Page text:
While brute force attacks remain a potential threat throughout the year, they tend to spike during periods characterized by heightened web traffic or exploitable events, amplifying the risk of cyberattacks. In this article, we'll discuss the patterns and triggers behind brute force attacks, and how you can best prepare.
Why Do Brute Force Attacks Spike During Periods of High Traffic?
Surprisingly, hackers operate their activities akin to a legitimate business, aiming for profitability by generating revenue to sustain their attack resources; they thrive when web traffic and purchasing activities are at their peak. For instance, if a hacker infiltrates your website, compromising the online store, they might strategically exploit the situation by targeting peak sales periods like holidays or events. Alternatively, they could hold your website hostage, creating a challenging scenario, especially during your busiest times of the year.
Holiday Shopping Seasons
Holiday seasons, marked by a surge in online shopping and vacations, witness an uptick in brute force attacks, particularly in November and December, as increased web traffic accompanies festive sales and promotions; similarly, May experiences heightened activity due to events like the onset of summer, Mother's Day, and Memorial Day in the United States, contributing to increased cyber threats in the e-commerce and travel sectors. As millions of travelers are on the move, away from their desks, hackers seize these moments as opportune times to infiltrate your website, taking advantage of potential delays in response.
At LLAR, our data reveals a direct correlation between elevated traffic during holiday events and a rise in unsuccessful login attempts across our network, while the slowest months for attacks, likely attributed to fewer global events, are January, February, and August.
Brute force attacks may surge during major global events like the Olympics or presidential elections due to increased web traffic, distracted users, opportunistic timing, economic and political motivations, and higher stakes. The significant influx of online users provides a larger pool of potential targets, while distracted individuals become more susceptible to cyber threats.
The higher stakes associated with such occasions make them attractive targets for those seeking financial gain, political influence, or to create widespread disruption, emphasizing the need for heightened cybersecurity measures and user awareness.
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Should I Take Extra Precautions During Elevated Periods?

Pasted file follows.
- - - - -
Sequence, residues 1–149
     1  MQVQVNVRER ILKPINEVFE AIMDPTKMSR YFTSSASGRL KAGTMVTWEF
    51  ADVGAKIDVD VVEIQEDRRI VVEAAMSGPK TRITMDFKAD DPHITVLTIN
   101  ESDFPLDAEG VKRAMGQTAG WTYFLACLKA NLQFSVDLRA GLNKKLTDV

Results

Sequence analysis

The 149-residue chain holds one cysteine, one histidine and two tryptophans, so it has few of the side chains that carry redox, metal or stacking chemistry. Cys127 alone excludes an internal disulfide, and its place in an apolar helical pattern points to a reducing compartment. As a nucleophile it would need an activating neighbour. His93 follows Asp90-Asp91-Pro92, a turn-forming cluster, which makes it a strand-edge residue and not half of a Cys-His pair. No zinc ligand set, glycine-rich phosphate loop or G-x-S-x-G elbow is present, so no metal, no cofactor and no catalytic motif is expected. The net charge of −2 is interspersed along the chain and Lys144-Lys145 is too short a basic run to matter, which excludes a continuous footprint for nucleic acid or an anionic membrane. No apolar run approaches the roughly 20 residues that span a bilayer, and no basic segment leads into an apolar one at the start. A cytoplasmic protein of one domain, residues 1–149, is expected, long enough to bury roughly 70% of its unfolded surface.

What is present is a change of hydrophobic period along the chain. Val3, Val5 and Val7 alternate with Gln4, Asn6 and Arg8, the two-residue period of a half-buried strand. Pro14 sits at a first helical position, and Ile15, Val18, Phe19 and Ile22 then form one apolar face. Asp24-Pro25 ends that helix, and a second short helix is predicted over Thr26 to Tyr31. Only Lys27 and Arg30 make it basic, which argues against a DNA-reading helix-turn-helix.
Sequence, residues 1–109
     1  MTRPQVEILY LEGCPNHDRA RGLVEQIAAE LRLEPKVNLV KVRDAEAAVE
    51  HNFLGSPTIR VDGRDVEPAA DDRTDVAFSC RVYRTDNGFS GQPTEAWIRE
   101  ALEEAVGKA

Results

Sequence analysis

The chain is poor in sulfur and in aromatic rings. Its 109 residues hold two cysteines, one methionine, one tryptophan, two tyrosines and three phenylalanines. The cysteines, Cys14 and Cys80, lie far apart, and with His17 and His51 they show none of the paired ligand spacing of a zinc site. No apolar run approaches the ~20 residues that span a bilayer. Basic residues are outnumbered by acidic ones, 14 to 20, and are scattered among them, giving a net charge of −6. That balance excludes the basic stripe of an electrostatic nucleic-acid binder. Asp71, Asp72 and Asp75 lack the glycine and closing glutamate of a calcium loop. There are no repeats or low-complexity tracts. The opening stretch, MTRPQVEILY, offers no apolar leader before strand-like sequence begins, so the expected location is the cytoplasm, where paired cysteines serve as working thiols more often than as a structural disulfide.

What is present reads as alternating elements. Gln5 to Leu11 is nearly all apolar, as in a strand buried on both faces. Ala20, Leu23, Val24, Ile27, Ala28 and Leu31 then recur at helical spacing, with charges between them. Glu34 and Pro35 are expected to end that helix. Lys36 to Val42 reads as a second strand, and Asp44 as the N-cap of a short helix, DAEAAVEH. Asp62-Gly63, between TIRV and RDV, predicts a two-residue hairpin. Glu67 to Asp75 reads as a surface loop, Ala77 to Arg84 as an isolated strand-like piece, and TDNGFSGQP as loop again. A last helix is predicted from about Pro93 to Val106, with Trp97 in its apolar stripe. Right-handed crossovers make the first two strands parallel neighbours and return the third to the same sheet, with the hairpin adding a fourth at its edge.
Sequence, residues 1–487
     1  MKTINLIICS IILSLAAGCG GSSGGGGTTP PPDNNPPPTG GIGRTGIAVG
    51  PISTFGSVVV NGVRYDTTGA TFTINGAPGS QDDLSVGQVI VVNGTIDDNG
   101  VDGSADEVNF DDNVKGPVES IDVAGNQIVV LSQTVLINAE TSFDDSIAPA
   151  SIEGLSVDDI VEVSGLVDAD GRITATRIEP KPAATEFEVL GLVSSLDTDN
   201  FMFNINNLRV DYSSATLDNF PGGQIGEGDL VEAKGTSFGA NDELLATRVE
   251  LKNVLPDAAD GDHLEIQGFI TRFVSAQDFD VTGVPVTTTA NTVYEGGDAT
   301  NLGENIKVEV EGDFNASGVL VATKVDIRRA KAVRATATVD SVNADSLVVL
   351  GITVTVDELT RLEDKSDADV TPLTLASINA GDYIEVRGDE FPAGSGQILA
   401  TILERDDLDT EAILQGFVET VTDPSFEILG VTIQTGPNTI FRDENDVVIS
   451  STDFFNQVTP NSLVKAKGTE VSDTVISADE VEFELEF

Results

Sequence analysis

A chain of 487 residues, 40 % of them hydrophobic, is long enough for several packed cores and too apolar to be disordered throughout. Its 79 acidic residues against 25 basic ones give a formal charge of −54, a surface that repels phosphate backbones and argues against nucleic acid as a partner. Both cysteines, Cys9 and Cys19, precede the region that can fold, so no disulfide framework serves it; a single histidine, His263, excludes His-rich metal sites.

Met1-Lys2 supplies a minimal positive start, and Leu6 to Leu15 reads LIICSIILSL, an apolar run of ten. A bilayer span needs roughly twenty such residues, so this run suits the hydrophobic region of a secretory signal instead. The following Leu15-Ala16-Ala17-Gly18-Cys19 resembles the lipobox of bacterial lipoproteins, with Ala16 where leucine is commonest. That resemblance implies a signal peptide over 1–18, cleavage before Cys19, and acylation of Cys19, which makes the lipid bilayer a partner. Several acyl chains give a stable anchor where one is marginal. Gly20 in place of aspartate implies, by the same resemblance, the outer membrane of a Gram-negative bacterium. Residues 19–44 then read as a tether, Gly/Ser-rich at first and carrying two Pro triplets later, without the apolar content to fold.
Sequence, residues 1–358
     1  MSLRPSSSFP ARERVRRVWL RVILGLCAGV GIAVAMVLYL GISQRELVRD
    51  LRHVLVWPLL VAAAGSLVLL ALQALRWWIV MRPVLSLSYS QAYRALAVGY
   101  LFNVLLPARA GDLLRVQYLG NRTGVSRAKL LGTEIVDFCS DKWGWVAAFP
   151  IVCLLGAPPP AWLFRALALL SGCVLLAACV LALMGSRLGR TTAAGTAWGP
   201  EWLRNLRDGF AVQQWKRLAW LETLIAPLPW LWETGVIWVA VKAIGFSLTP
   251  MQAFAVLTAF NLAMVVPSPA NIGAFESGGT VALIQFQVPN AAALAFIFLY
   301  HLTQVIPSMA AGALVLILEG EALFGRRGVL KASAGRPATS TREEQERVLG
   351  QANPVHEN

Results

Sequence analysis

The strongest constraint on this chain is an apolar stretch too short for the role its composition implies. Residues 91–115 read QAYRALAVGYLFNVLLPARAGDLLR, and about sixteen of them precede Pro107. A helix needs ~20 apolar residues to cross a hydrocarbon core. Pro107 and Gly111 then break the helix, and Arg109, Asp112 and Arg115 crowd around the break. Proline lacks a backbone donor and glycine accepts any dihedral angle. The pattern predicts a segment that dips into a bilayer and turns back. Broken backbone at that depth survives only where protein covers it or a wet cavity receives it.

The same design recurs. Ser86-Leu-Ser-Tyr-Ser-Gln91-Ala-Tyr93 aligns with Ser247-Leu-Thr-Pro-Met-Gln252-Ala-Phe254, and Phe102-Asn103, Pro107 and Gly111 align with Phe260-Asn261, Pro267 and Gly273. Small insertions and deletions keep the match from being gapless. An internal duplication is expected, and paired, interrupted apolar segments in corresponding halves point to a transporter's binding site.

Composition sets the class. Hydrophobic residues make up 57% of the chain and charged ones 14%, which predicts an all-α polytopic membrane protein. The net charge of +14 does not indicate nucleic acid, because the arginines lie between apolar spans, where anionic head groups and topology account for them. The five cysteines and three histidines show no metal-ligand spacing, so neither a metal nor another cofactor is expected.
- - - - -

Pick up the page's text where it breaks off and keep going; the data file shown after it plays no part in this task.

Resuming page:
If your website employs robust password practices, enforces login restrictions, and maintains effective account policies, these measures should prove satisfactory. Additionally, we advise implementing login restrictions based on country to minimize exposure. In cases where high website traffic may lead to heightened brute force attack risks, consider outsourcing the defense against such attacks to the cloud, as recommended in the Performance Optimizer by LLAR.
In summary, LLAR maintains the view that hackers are most likely to target your business when it's most vulnerable, often during periods of peak revenue or heightened web traffic. To safeguard against such threats, we strongly advocate for top-notch protection. Elevate your defense with LLAR Premium, offering advanced security measures to ensure hackers are kept at bay. Take the first step today and fortify your website against potential cyber threats.
Frequently Asked Questions
Brute force attacks see a surge during holiday shopping seasons, particularly in November and December, as heightened online traffic accompanies festive sales. Cybercriminals exploit increased web activity during these periods, targeting e-commerce and travel sectors.
Brute force attacks may escalate during major global events due to increased web traffic, distracted users, opportunistic timing, and higher stakes. The influx of online users provides a larger pool of targets, making individuals more susceptible to cyber threats.
Hackers view businesses as most vulnerable during periods of peak revenue and web traffic. Operating similarly to legitimate businesses, cybercriminals aim for profitability by exploiting opportunities when purchasing activities are at their peak.